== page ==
Long Wittenham may well be called long. From the ancient cross at one end of it, past the church, it goes on and on in a single street, and finally loses itself indeterminately between making on the one hand for Clifton Hampden, and on the other for the vast hedgeless fields across which lies the way to Little Wittenham, one mile distant. Those widespreading fields of this district are a distinct and remarkable feature of this countryside. Whether they be pasture, or corn, or turnip fields, they give a sense of largeness and strangeness to the traveller in these parts, accustomed only to the little five- or six-acre enclosures of other neighbourhoods. Here vast fifty-acre expanses of wheat or swedes go in swooping undulations over the hillsides, and you rarely see the boundaries of them. These peculiarities of Berkshire agricultural conditions certainly make for economical farming, with less space wasted upon unproductive hedges; and they certainly also make for picturesqueness here, where the great double hill of Sinodun rises boldly in roughly pyramidal shape from the lower levels.

Wittenham Clumps

There are huge prehistoric earthworks on the summit of Sinodun: vast concentric circumvallations and fosses reared by long-forgotten folk, the vastness of whose defensible works gives, almost like an arithmetical exercise, the measure of their fears. Who were those who slaved so strenuously at this fortification, and who those others against whose expected onslaught they made such preparations? Archæologists have their theories, indeed, but no one knows. Really, from all available evidence, it would appear that Sinodun was fortified from the very earliest times, and that each conquering race which settled in Britain, and in turn decayed in manhood and the arts of war, and so gave opportunity for a newer conquest at the hands of uncultured but virile barbarians, in turn occupied this hill-top and were attacked and slain in it, in those pitiless battles of extermination that were the usual features of the world's youth.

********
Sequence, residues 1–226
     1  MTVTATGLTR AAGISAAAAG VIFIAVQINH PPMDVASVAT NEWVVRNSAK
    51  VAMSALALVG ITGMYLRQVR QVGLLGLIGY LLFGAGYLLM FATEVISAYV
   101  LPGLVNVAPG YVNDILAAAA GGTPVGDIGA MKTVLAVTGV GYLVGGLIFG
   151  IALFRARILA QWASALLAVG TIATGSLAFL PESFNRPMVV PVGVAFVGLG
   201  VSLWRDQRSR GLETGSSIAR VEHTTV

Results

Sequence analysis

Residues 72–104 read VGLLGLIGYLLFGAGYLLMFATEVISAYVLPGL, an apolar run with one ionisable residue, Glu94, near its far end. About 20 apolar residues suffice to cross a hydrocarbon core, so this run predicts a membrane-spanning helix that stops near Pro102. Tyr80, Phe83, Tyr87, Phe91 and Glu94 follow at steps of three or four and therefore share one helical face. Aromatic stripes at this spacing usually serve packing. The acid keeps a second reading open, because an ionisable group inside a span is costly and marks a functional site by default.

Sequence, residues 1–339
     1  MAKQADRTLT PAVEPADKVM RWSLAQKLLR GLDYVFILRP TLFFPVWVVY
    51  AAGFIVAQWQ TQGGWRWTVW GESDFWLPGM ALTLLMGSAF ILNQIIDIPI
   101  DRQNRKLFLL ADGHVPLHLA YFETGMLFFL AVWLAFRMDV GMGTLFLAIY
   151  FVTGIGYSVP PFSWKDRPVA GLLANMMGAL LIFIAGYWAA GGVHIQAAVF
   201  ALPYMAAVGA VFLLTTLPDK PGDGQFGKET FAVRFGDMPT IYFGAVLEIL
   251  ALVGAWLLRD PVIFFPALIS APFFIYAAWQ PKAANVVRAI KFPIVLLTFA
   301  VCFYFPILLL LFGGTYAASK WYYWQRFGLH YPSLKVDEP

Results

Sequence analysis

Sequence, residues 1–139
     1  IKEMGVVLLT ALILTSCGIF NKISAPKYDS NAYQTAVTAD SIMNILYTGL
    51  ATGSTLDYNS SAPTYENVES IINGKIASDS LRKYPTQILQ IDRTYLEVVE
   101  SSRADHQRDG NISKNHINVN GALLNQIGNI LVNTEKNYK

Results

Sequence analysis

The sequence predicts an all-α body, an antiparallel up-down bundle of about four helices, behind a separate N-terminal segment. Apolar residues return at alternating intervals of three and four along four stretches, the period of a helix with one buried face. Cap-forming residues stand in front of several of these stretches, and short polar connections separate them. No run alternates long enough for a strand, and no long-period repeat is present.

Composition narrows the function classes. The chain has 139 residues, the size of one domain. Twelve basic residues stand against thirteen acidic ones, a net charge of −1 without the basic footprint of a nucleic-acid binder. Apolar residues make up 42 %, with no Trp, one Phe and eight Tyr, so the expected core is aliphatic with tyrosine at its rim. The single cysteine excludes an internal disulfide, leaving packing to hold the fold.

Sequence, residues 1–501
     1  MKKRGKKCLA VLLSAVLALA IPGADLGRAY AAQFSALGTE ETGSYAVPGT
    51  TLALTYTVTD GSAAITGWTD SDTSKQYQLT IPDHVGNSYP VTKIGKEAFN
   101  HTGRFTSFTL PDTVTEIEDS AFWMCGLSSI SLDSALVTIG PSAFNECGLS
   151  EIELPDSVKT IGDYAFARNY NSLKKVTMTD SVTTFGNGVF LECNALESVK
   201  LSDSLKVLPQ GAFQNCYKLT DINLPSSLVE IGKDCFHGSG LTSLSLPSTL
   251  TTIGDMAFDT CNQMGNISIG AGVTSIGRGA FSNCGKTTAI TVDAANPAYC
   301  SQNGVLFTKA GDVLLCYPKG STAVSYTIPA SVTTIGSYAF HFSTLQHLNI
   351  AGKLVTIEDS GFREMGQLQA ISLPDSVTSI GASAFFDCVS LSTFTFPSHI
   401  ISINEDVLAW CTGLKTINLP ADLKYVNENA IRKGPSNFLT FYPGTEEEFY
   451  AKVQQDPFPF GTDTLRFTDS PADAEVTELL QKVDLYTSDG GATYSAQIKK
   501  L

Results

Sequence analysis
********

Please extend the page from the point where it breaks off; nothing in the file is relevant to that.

Sinodun and its fellow-hill are in these times crested with plantations of trees, known far and near as "Wittenham Clumps"; and there is a third clump, a minimus infant brother, or poor relation, kind of clump, on a lesser eminence, not unremotely reminiscent of Landseer's picture, "Dignity and Impudence."
The traveller across Didcot downs, the boating-man on the Thames - all, in fact, who come within view of them - are obsessed by Wittenham Clumps, which dominate all views, and from the river, at any rate, are always appearing in the most unexpected quarters. Even the traveller by railway remarks them. Such an one, journeying along the Great Western main-line and gazing from the carriage-windows, sees those black blotches of trees on the hill-tops come whirling into view, and thinks of them in relation to his journey, with the mental note, "Now we are near Didcot."